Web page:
While a few continue to enrich themselves, salaries remain stagnant, jobs are not created and the economy is contracting. On the political side, the Ma government failed to stand up to Chinese suppression of Taiwan in London and once again this week transparently used its influence on the judiciary, this time in Chiayi County, to distract the public from an embarrassing corruption scandal involving a former Executive Yuan secretary-general.
Taiwan’s youth are increasingly paying attention to what is going on around them and they do not like what they see. The point where they say enough is enough, when they realize that cynical old figures are compromising their future, could be at hand. What happens next remains to be seen, but the elderly ones could be in for a surprise.
The US intelligence community’s annual threat assessment for this year certainly cannot be faulted for having a narrow focus or Pollyanna perspective. From a rising China, Russian aggression and Iran’s nuclear ambitions, to climate change, future pandemics and the growing reach of international organized crime, US intelligence analysis is as comprehensive as it is worrying. Inaugurated two decades ago as a gesture of transparency and to inform the public and the US Congress, the annual threat assessment offers the intelligence agencies’ top-line conclusions about the country’s leading national-security threats — although always in ways that do not compromise “sources and methods.”
Let’s begin with the bottom line. The sad truth of the matter is that Beijing has trampled on its solemn pledge to grant Hong Kong a great deal of autonomy for at least fifty years. In so doing, the PRC ignored a promise Deng Xiaoping (鄧小平) made to both Great Britain’s Prime Minister Margaret Thatcher and the wider world back in the early 1980s. This was at a time when Beijing, under Deng and his successors, appeared to be seeking an equitable accommodation with the West. I remain puzzled by China’s recent policy shift. Was it because Hong Kong was perceived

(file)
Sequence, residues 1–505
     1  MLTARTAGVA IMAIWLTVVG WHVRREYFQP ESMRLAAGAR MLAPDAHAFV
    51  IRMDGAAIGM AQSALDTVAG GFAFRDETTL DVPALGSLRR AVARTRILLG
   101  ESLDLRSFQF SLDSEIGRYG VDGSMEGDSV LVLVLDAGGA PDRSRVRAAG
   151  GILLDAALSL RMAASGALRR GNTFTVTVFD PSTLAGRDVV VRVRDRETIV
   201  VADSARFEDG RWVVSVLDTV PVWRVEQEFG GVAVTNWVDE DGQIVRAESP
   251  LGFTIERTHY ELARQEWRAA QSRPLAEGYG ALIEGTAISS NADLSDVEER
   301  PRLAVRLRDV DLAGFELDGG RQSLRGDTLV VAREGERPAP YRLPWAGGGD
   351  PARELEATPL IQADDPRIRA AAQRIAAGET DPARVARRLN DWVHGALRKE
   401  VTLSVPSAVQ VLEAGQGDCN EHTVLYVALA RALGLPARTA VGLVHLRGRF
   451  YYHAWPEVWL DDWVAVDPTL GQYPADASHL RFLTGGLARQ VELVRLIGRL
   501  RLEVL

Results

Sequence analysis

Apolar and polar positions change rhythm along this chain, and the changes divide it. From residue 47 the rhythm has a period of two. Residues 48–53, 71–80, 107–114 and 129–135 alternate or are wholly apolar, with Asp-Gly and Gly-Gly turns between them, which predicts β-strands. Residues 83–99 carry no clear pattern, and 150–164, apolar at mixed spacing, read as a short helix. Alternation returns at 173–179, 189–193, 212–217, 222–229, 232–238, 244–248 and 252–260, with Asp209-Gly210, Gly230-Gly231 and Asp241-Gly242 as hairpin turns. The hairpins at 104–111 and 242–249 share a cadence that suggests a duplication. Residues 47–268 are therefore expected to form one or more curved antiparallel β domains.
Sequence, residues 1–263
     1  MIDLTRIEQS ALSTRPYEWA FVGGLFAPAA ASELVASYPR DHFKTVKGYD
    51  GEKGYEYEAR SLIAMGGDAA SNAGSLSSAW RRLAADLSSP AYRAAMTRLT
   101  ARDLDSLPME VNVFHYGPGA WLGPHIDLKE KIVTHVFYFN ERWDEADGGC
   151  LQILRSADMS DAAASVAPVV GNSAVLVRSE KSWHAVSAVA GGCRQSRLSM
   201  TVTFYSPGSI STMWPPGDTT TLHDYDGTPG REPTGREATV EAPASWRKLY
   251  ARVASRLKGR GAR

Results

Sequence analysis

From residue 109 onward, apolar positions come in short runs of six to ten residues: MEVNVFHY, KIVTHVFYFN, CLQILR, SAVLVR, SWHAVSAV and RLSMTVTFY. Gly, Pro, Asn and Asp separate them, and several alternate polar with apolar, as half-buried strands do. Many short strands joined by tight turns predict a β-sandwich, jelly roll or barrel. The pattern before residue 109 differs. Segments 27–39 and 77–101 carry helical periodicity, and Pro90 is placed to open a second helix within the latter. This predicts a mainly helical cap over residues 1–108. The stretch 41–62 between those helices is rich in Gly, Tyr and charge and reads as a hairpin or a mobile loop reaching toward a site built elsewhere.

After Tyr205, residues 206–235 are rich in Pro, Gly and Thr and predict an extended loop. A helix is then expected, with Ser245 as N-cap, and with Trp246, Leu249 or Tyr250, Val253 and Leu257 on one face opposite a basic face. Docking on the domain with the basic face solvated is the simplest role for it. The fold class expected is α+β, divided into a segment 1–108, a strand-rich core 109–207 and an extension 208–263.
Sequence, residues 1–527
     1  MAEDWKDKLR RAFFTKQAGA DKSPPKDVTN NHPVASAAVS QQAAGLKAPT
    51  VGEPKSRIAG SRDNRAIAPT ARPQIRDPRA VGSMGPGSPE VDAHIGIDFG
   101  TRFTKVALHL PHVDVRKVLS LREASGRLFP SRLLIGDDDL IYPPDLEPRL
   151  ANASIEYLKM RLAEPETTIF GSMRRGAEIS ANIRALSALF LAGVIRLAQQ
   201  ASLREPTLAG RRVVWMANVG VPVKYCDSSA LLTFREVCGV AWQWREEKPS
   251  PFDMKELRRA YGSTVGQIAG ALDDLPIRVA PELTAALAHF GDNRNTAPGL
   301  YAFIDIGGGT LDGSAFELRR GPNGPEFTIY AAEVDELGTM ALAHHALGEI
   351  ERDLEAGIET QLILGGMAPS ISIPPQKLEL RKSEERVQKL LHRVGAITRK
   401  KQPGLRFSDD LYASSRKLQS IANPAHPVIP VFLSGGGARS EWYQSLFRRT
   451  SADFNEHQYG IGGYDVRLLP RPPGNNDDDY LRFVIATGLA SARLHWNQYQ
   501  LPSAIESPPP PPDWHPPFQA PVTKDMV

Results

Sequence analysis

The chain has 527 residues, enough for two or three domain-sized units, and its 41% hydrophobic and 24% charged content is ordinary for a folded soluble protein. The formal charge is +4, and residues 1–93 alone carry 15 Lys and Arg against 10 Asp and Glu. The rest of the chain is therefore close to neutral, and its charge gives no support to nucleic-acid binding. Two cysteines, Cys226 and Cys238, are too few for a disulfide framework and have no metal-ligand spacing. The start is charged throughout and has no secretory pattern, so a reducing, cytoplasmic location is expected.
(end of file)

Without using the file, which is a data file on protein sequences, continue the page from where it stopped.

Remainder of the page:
The recent removal of items related to Japanese Shinto culture from the Taoyuan Martyrs’ Shrine and Cultural Park has caused an uproar. The complex was built as a Shinto shrine by the Japanese during the colonial period, but was transformed into a martyrs’ shrine commemorating veterans of the Chinese Civil War after the Chinese Nationalist Party (KMT) retreated to Taiwan in 1949. Figurines of the Japanese sun goddess Amaterasu Okami were allowed into the shrine for a cultural event last year, attracting throngs of visitors to see the Shinto decorations and practices. However, some people accused the Taoyuan City Government of
The recent meeting in New Delhi between US Secretary of State Antony Blinken and Russian Minister of Foreign Affairs Sergey Lavrov — the first such high-level interaction since the start of Russia’s full-scale invasion of Ukraine — suggests that diplomacy might no longer be a dirty word. The 10 minute meeting on the sidelines of the G20 gathering occurred after US National Security Adviser Jake Sullivan reportedly urged Ukraine to show Russia that it is open to negotiating an end to the war. Together, these developments offer a glimmer of hope that a ceasefire is within the realm of the possible. The